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The development of 'brain-like' computers has taken a major step forward with the publication of research led by the University of Exeter.

Published in the journal Advanced Materials, the study involved the first ever demonstration of simultaneous information processing and storage using phase-change materials. This new technique could revolutionize computing by making computers faster and more energy-efficient, as well as making them more closely resemble biological systems.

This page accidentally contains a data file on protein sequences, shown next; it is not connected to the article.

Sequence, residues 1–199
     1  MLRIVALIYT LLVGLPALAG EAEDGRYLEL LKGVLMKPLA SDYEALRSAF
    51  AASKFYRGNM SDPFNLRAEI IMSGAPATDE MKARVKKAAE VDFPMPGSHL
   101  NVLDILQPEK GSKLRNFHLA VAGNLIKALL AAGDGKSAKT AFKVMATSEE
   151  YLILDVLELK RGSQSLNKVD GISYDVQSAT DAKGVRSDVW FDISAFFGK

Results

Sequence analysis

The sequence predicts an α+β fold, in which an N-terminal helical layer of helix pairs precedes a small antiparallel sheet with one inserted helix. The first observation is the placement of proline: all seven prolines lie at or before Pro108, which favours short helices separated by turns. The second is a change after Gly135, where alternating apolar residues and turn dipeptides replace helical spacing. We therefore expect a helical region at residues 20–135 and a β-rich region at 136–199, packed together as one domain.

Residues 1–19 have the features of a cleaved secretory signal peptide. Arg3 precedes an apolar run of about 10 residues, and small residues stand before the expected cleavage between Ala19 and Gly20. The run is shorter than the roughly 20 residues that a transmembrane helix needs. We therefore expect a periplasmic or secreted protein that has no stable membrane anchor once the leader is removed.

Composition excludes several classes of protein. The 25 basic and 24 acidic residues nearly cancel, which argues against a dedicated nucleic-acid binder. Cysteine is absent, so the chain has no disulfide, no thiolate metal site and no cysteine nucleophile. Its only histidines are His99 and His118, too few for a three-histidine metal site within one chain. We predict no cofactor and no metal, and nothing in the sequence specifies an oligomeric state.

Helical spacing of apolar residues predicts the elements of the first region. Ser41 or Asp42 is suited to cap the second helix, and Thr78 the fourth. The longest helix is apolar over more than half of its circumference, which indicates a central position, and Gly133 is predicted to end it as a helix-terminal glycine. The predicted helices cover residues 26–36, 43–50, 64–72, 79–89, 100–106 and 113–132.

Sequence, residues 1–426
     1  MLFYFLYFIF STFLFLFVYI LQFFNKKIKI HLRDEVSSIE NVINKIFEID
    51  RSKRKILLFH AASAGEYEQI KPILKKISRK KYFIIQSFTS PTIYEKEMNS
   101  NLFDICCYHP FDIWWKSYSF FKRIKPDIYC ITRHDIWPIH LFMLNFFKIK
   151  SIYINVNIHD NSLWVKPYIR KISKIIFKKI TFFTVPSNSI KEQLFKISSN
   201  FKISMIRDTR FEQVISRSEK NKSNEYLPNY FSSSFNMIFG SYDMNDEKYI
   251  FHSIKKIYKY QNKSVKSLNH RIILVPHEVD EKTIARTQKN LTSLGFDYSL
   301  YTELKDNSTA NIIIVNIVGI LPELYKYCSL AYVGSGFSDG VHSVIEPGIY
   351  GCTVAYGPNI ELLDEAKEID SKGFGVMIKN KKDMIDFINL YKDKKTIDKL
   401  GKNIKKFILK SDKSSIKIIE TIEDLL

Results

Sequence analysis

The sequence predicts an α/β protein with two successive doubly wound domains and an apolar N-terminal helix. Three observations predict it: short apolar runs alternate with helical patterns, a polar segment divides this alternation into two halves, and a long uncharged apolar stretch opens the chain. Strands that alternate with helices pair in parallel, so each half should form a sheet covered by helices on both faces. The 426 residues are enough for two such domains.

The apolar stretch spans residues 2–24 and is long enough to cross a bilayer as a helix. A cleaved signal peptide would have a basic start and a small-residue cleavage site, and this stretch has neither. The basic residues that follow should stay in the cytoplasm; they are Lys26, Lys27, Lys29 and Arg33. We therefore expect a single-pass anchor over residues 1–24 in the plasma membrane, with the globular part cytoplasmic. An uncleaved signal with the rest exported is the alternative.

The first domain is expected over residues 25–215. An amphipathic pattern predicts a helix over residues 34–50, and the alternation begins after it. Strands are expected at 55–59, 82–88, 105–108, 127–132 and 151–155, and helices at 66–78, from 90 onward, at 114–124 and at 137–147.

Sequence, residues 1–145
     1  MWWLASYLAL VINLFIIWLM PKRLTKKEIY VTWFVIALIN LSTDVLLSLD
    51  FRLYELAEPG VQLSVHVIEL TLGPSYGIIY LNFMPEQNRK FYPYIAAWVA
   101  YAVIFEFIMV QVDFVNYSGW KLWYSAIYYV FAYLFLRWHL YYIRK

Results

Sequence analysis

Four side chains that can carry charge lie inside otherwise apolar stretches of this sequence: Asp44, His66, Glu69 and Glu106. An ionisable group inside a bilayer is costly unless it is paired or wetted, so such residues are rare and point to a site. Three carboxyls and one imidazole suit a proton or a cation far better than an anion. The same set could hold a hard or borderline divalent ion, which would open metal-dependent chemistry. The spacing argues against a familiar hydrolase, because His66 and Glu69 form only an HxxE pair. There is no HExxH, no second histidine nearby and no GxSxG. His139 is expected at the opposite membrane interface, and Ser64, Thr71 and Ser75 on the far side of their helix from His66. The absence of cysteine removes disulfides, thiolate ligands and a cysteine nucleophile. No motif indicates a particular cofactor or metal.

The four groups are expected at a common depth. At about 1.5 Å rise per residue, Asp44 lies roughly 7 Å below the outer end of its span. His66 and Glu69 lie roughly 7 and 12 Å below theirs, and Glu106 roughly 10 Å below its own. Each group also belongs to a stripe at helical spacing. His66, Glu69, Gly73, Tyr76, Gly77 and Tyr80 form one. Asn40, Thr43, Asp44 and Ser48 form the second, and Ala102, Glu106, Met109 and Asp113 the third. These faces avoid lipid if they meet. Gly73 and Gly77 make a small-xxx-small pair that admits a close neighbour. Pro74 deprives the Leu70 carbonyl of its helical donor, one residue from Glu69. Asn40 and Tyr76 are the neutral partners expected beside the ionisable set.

Computers currently deal with processing and memory separately, resulting in a speed and power 'bottleneck' caused by the need to continually move data around. This is totally unlike anything in biology, for example in human brains, where no real distinction is made between memory and computation. To perform these two functions simultaneously the University of Exeter research team used phase-change materials, a kind of semi-conductor that exhibits remarkable properties.

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Category: Science